• Employer’s information: company name, address, and your boss’ name
  • Last date worked
  • Gross earnings
  • Standard Form 8 (this can be found online)
  • Citizenship status

If you are ready to file a claim, visit the EDD’s Unemployment Insurance application page to get started.

How Does Being Wrongfully Terminated Affect My Chances of Receiving Unemployment?

The usual circumstances in which people apply for unemployment benefits is when the employee gets a) laid off, b) quits, or c) is terminated/dismissed. However, it is common for wrongfully terminated employees to get denied for unemployment benefits.

If you were wrongfully terminated, then a court will likely find that you were terminated at no fault of your own. But what if you quit your job because of a hostile work environment, retaliation, or discrimination? That does not mean you automatically will be denied for unemployment.

In California, there’s a concept called “constructive discharge.” Constructive discharge essentially means that even though your dismissal was voluntary, the work conditions were so toxic that a reasonable person in your situation would have no other choice but to quit. Some examples of what could lead to a constructive discharge claim includes:

  • Your employer fails to reimburse you for travel expenses
  • An employee faces constant sexual harassment
  • A worker receives a text message from the employer saying, “there’s no room for you here, just quit.”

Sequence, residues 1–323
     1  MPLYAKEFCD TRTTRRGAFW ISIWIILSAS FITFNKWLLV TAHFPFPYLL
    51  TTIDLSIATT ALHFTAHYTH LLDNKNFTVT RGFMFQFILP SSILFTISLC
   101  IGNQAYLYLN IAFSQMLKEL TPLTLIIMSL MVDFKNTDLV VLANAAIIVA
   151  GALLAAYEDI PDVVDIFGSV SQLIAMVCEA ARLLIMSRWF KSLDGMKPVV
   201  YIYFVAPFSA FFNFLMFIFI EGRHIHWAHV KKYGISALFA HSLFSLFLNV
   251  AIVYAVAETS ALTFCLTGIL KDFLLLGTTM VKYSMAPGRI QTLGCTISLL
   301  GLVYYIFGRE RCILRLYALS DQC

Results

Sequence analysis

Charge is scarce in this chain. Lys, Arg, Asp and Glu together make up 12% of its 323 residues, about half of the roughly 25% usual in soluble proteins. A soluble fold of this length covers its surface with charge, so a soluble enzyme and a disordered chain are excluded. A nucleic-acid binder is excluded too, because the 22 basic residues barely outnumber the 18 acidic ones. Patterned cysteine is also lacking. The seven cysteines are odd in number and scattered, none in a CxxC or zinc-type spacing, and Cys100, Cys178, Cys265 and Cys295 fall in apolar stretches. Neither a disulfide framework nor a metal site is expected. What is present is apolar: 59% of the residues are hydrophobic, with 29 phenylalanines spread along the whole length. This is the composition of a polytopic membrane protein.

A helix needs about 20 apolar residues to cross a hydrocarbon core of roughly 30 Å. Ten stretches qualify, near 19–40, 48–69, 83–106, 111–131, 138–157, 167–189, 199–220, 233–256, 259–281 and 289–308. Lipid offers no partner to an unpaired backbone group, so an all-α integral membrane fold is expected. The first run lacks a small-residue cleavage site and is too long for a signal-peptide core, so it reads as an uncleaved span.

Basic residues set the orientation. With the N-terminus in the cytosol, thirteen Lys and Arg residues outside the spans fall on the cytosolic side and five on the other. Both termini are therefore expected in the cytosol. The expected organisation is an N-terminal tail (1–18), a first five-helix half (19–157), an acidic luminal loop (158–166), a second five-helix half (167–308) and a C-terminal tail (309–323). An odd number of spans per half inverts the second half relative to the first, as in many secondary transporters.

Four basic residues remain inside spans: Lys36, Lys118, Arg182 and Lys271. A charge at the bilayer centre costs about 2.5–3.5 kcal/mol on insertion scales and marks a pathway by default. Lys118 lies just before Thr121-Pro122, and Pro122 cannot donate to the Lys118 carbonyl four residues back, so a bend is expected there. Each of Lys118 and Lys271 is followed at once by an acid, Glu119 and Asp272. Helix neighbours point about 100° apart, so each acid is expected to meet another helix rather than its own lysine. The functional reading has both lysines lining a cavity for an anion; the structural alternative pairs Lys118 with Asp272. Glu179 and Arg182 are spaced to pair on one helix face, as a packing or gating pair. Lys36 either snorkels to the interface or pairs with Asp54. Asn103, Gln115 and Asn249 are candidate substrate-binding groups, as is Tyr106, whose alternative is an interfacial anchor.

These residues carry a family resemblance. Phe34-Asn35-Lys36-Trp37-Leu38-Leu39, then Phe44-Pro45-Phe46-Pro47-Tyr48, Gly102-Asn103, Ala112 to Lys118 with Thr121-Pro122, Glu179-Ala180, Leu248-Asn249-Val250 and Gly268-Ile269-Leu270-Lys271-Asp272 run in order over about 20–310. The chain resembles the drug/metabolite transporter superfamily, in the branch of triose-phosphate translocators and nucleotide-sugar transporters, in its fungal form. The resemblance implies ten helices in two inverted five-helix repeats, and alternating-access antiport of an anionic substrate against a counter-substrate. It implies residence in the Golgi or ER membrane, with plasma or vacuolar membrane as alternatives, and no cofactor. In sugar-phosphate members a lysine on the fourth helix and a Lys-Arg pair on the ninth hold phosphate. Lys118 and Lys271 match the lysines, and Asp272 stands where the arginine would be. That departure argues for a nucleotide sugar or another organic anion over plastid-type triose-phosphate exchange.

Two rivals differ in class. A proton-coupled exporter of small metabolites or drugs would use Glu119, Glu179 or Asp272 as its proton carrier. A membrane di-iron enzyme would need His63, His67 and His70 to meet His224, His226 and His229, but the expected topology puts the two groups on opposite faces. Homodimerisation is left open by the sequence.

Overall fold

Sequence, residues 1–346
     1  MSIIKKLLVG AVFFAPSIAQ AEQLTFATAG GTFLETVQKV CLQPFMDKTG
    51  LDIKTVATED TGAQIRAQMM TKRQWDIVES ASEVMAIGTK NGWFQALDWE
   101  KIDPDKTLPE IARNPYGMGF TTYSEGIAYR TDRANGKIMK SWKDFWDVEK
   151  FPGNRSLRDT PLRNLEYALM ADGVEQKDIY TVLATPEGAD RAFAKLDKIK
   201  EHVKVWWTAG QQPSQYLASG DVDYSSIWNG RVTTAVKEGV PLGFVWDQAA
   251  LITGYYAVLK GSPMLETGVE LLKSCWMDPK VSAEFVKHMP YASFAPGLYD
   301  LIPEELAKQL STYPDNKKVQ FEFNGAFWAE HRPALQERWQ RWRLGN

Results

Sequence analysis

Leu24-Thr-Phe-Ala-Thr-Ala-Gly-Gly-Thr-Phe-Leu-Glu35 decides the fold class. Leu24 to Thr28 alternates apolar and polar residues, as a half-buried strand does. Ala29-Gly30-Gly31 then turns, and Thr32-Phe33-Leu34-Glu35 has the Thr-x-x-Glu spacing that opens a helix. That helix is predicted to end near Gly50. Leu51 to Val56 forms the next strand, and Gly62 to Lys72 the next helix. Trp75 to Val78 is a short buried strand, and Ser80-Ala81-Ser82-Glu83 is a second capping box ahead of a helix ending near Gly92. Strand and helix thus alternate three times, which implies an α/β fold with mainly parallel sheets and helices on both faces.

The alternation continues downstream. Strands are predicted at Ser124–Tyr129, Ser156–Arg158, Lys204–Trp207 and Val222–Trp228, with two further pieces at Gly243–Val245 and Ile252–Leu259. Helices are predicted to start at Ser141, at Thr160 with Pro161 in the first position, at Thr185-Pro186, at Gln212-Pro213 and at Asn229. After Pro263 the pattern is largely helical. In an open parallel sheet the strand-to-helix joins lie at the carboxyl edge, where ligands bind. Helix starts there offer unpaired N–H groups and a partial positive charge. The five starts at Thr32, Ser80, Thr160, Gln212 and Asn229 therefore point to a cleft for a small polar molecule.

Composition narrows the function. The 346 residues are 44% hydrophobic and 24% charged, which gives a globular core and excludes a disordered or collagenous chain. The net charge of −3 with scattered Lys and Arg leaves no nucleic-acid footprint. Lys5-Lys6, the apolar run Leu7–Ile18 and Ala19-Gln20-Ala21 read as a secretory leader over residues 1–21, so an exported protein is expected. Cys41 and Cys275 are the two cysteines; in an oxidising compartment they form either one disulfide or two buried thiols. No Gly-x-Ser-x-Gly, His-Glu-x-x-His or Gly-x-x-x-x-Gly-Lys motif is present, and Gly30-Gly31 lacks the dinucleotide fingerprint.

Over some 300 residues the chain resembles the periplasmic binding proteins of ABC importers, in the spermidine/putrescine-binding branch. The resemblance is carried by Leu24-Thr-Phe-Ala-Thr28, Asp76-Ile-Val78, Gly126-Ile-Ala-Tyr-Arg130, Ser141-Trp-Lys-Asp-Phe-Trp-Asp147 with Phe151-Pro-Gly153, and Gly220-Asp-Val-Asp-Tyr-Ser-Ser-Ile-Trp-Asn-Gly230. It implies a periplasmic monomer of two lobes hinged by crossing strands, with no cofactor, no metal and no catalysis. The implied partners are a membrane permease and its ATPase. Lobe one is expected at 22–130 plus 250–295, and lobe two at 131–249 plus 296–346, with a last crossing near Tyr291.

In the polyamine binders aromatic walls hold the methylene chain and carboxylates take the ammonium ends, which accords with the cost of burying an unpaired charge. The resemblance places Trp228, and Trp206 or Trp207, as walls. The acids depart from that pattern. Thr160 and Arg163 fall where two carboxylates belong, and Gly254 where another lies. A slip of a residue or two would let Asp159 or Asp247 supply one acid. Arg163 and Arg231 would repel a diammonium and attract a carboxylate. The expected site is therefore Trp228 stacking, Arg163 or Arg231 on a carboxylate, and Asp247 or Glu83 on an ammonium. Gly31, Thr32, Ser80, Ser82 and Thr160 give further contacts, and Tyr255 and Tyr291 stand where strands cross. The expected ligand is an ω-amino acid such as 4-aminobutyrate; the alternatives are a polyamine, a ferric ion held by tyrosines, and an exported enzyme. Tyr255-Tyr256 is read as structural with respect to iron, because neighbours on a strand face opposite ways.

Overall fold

• Messages between the employer and the employee showing that the employee’s boss is going to make his or her life a “living hell”

Another important thing to remember is that if you try to bring forward a constructive discharge claim, you must give the employer a chance to fix the problems.

A Final Note on Wrongful Termination and Unemployment – Know Your Rights

Being wrongfully terminated can lead to anxiety and depression due to the psychological harm that it inflicts. Things are not made easier when you get denied for unemployment benefits. First thing you should if you feel you were wrongfully terminated is to call an employment lawyer in your state and city before time runs out. Most of these lawyers offer free consultations and could help you get your life back together.


Can I Sue for Wrongful Termination?

Today’s guest post comes from attorney Nicholas Feinstein, writing on the topic of wrongful termination.  If you’ve been fired and were wondering about any potential legal recourse, read on.   Thanks. – Milton


Getting canned from a job rarely leaves a person feeling warm and fuzzy. If you have been let go from a job, feelings of anger and resentment are inevitable, especially when the termination seems unjustified. Although many members of the recently-fired would like to exact retribution on their former employers, only a few actually have a legal claim for wrongful termination.


To maintain a successful claim of wrongful termination in the U.S., you must demonstrate that you were let go for an unlawful reason under a specific state or federal law, which may include anti-discrimination or whistleblower statutes. If you prevail, you could be reinstated in your old position (but do you really want to go back?) or receive money damages (that’s more like it).